In Almunecar , a very, very old (over 2000 years old) pueblo blanco on Andalusia’s coast in Spain, straight south of Granada, I lived on the 6th floor of a condo building on the eastern sea promenade called Playa de Velilla.
There the view was of the famed blue Mediterranean (sadly polluted, but the view did not reveal this shameful secret), a mostly stony beach with its fish restaurants and their open pits from which a tempting aroma of freshly caught, grilled sardines waffled all the way up, up, to my balcony.
On the beach there were tourists bathing and playing in season, and outside the tourist season retired expats from all over Europe, but mostly from Scandinavia (Sweden, Denmark, Norway) and from Germany and Great Britain - the cold weather and high cost of living countries - walking, exercising... by the colorful fishing boats and fishermen loading or unloading their nets and fish.
Between the beach and the condo there was a paseo , framed with tall, stately palm trees and full of all kind of open air eateries, where people sipped their hot chocolate and ate churros (Spanish doughnuts) or olive drizzled toasts with garlic and tomatoes for breakfast, or munching on an abundance of tapas all day - and night - long.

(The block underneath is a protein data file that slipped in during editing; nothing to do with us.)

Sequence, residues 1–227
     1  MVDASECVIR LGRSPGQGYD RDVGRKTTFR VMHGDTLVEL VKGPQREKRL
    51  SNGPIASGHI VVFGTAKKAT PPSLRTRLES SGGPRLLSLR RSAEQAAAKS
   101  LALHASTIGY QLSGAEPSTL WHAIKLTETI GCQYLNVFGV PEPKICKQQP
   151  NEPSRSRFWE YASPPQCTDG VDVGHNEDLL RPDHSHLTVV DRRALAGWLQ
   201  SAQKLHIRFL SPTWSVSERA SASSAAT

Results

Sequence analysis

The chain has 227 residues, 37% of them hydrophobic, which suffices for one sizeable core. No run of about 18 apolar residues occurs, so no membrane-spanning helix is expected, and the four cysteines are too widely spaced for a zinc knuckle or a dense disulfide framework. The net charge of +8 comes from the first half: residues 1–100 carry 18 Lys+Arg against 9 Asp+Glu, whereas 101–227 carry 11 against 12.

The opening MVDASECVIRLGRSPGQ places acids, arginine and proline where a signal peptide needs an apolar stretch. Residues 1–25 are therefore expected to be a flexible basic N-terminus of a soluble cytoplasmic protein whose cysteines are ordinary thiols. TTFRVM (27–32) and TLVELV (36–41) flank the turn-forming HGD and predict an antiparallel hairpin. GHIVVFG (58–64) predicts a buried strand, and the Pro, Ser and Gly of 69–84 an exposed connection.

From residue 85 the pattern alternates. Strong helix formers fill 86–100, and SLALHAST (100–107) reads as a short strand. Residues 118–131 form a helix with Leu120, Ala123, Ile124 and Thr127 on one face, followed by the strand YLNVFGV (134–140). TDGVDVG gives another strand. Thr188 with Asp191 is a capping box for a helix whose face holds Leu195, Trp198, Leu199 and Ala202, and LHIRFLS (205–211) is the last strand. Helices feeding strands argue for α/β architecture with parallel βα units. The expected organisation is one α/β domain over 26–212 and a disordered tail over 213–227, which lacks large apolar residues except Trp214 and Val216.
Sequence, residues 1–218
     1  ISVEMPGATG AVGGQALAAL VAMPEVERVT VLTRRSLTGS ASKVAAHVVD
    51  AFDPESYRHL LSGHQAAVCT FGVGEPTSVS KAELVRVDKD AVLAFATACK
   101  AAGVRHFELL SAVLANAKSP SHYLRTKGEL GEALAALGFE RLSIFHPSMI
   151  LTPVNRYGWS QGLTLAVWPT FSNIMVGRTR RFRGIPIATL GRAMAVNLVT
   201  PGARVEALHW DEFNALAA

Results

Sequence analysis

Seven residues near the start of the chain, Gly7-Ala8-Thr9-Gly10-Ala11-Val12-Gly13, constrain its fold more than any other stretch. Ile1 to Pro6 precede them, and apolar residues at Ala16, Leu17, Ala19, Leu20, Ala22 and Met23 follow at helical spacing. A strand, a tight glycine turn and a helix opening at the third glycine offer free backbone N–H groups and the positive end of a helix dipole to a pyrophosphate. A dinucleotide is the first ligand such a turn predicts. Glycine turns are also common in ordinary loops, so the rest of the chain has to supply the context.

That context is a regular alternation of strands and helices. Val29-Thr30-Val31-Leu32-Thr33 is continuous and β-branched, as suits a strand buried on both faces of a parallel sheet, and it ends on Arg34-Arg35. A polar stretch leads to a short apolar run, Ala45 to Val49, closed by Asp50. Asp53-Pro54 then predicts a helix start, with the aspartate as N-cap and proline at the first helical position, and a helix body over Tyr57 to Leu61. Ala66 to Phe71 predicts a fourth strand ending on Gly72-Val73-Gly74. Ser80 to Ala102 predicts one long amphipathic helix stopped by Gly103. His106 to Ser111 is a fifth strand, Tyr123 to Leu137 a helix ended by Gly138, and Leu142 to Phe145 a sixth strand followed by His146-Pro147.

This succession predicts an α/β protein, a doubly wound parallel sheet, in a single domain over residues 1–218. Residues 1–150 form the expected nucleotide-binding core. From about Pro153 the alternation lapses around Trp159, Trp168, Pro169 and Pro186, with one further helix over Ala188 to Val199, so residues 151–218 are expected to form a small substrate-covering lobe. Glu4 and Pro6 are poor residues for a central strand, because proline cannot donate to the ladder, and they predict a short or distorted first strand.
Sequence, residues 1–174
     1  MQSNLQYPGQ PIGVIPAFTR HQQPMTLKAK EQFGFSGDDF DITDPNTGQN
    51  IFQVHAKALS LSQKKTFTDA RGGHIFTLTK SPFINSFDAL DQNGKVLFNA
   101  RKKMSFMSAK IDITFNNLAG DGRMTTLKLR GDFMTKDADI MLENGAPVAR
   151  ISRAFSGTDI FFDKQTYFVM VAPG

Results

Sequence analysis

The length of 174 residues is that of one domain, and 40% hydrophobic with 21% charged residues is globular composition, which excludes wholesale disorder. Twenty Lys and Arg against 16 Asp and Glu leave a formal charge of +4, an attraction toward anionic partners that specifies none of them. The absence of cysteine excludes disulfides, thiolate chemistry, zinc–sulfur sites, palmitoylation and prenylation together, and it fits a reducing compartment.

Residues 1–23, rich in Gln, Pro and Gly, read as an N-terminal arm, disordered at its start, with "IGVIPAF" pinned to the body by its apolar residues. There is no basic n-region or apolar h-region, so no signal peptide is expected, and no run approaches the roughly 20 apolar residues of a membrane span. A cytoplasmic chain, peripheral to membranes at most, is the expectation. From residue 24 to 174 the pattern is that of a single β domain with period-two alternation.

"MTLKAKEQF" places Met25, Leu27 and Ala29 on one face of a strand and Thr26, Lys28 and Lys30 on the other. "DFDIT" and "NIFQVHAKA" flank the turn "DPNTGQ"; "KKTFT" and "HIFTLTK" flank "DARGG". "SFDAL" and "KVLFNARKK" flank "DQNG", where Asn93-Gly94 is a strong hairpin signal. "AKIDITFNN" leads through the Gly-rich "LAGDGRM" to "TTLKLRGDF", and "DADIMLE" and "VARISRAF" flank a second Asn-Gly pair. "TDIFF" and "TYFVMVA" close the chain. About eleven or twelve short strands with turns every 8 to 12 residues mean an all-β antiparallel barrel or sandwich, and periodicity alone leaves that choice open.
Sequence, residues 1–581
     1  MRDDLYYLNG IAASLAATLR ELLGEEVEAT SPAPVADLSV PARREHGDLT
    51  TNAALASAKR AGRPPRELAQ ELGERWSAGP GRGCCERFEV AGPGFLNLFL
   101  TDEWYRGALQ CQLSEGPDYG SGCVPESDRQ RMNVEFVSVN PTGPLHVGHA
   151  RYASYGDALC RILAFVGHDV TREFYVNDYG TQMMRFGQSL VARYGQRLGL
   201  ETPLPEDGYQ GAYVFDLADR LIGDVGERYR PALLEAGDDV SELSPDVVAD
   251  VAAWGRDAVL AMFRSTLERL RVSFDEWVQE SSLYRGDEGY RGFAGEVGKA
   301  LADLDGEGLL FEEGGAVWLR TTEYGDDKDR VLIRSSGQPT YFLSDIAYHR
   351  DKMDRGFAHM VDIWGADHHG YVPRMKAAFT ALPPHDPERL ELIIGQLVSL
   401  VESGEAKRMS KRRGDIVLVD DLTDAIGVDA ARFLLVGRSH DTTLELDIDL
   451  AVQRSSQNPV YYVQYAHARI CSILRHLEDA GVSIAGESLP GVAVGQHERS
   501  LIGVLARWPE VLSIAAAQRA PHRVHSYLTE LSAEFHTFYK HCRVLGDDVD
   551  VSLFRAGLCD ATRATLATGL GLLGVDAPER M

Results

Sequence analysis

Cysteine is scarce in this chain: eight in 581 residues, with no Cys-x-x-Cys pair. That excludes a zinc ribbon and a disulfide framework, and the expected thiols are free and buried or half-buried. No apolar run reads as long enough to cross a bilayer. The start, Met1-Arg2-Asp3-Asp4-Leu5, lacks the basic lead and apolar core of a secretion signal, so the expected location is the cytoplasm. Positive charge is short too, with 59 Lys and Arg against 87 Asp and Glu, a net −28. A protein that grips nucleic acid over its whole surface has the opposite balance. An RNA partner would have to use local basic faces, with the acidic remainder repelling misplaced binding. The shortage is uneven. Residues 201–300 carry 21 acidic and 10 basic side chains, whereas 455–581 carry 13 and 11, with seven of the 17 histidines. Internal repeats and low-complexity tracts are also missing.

On the left side of the bay, in the background, there were slopes of Sierra de Grazalema and - behind them Sierra Nevada mountains, with some of their peaks covered in snow, while oranges and bougainvillea were in full bloom at the coast.
On the lower slopes, the view revealed two pueblos blancos, typical Andalusian white villages, oh, so picturesque with their narrow streets and their white houses climbing the slopes.
Between the villages and the sea there was also a carretera climbing up, up, like a serpent full of moving objects, with tunnels and dangerous curves. It was both exhilarating - and quite often scary - to watch the bravado of cars negotiating the carretera.
Ah, my places with a view … I do miss them all, would love to return to them all, but not yet, not yet. Right now there are still plenty of new places and new adventures awaiting. Or so I hope.